Public Works Investment and Electoral Data in Chile (1989-2018)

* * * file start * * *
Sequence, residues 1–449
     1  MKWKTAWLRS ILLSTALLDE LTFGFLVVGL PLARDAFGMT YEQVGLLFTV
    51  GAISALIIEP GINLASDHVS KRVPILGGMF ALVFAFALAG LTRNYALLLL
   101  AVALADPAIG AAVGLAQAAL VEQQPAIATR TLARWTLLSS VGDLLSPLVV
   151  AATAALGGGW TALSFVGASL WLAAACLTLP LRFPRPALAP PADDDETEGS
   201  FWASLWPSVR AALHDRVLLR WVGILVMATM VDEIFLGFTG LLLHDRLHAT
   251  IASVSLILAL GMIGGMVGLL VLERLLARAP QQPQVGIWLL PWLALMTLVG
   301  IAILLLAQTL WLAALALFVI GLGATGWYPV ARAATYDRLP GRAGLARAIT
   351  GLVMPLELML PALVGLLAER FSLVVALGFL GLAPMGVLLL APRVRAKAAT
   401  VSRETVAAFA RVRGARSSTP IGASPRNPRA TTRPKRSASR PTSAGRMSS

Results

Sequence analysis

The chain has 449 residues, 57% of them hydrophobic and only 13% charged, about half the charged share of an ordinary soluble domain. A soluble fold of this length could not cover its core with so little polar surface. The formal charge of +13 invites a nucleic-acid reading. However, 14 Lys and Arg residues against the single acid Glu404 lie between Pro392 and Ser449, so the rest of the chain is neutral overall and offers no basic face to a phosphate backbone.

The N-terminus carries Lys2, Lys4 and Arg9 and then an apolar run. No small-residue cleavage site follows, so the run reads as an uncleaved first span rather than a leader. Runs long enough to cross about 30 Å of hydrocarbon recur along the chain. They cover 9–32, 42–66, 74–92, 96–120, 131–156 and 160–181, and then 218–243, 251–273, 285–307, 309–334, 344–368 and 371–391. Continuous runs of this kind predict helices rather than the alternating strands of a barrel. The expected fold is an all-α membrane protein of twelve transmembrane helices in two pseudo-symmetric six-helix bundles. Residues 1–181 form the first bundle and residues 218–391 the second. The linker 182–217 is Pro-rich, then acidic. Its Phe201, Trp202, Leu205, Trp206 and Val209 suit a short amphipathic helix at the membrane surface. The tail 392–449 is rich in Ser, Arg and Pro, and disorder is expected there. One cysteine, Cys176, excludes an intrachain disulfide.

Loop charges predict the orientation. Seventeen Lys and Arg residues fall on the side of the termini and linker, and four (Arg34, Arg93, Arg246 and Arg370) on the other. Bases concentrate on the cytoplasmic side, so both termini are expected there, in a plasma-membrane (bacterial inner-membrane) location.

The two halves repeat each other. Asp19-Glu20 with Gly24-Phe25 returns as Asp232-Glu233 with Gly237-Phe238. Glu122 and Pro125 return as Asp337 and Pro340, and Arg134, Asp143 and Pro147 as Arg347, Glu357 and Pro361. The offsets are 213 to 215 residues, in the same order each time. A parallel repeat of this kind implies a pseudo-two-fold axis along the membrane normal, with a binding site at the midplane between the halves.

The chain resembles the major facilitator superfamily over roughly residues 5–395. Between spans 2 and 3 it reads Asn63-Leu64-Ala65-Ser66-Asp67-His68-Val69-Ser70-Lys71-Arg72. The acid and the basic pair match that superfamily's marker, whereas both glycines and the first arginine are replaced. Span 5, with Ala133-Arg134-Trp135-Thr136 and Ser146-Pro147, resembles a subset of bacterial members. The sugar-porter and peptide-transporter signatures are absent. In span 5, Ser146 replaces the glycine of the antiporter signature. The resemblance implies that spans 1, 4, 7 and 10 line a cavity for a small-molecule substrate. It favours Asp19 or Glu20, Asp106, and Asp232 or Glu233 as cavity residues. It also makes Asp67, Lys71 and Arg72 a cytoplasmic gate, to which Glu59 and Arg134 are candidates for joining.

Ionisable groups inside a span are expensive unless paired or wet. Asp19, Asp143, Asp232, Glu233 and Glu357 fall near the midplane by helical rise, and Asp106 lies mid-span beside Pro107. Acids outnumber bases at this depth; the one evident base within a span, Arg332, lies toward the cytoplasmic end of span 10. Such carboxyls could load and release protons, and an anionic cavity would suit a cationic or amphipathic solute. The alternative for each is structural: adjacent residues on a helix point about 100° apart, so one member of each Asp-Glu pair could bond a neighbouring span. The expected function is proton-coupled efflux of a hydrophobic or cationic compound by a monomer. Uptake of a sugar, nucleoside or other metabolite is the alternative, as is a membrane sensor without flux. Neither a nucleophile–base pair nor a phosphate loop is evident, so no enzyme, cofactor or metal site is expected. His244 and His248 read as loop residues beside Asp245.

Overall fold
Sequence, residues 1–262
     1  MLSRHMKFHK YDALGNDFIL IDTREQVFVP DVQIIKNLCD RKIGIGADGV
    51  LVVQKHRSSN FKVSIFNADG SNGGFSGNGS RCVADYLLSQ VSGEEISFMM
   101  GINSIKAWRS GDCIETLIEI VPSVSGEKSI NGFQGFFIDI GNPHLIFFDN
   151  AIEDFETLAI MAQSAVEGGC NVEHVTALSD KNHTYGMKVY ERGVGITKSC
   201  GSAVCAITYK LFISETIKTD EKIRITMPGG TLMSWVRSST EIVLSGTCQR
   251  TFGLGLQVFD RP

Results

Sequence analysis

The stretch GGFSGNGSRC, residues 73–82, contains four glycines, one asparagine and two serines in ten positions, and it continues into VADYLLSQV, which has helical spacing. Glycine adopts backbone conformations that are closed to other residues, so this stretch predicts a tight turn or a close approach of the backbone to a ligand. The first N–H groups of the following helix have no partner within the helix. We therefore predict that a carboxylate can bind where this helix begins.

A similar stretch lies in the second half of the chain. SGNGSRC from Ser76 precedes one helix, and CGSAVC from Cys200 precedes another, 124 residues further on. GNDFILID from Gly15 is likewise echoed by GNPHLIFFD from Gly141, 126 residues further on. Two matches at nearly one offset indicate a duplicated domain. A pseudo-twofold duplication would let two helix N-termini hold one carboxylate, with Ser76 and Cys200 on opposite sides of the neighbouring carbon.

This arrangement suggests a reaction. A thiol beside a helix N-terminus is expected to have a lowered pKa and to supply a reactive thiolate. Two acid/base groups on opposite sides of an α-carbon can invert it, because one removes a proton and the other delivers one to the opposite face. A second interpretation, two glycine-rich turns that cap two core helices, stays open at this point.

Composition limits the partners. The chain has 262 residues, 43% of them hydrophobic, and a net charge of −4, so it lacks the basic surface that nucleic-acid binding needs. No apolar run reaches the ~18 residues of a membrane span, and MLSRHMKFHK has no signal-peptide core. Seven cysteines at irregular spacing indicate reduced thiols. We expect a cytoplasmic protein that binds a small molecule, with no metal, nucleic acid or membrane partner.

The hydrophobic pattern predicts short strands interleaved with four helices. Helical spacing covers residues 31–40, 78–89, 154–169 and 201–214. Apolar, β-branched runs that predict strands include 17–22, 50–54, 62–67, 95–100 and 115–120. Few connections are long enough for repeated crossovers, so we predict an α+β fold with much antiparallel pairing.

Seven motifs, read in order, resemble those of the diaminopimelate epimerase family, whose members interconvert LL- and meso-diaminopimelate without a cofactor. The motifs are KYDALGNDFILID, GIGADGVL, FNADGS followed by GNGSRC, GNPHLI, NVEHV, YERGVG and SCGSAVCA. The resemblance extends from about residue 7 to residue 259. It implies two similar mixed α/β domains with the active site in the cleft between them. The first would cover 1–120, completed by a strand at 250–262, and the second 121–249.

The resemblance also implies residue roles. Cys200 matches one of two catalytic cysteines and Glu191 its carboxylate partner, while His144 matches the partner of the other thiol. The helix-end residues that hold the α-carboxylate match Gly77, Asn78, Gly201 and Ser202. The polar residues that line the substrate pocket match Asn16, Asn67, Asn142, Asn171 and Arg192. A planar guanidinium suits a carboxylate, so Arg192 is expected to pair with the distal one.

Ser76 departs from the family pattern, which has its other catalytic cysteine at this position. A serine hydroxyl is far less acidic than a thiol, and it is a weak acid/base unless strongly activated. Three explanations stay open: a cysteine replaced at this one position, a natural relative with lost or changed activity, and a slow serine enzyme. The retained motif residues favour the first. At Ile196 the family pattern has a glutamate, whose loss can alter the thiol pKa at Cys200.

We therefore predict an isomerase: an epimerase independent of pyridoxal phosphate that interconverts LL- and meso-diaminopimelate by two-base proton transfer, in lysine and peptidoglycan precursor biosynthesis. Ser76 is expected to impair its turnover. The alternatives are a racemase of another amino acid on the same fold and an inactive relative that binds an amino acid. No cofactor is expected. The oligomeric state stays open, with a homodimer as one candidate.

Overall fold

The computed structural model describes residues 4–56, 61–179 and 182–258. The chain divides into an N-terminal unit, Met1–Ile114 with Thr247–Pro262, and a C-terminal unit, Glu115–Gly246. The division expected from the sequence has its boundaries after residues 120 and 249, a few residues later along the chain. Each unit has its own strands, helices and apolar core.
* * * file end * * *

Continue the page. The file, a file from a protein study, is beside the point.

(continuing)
This dataset (dt_elecstds.dta) contains panel data by municipality on infrastructure investment by the Ministry of Public Works, electoral information and socioeconomic variables in Chile for the period 1989-2018. Electoral data includes: three dummies for municipalities' political alignment (a dummy coded one if the mayor belongs to one of the political parties of the central government coalition (m); a dummy coded one if the government coalition parties won presidential elections in the municipality (p); and a dummy coded one if the mayor belongs to one of the coalition parties and the coalition won presidential elections in the municipality (mp)); and two dummies coded one for local ballot years (ym0), and for national ballot years (yp0). The sample comprises seven local (1992, 1996, 2000, 2004, 2008, 2012 and 2016) and seven presidential elections (1989, 1993, 1999, 2005, 2009, 2013 and 2017). Socioeconomic data includes: population (log); regional GDP per capita; regional GDP growth rate in t and t-1; the percentage of new-borns measuring less than 50 cm; the percentage of new-borns weighting less than 3000 gr; and the percentage of mothers with more than three children. In the absence of poverty indicators for the whole sample series, the latter accounted for proxies since they are correlated with municipalities’ socioeconomic conditions (Mardones & Acuña, 2020). Population data is from the National Statistics Institute, GDP data from the Central Bank and poverty proxies from Mardones & Acuña (2020). This dataset has been used to test whether infraestructure investment has been distributed on electoral criteria or not. In particular, it allows to evaluate if the municipalities lined up with the central government coalition parties (m, p and mp dummies) have been systematically benefited, and if allocations increased during local and presidential ballot years (ym0 and yp0 dummies). Since the data goes from the first democratic elections after Pinochet's dictatorship (1989) to 2018, it provides the opportunity to analyse if electoral criteria have changed as democracy entrenched. In particular, it can be tested whether distributions favoured aligned municipalities and whether a political budget cycle persisted during the early years and later. We also include a code file (do_elecstds_050420.do) with several estimations that show how these two electoral distortions evolved during the early years (1989-2005) and once democracy took root (2006-2018). These estimations are part of the paper entitled "Electoral incentives and distributive politics in young democracies: evidence from Chile".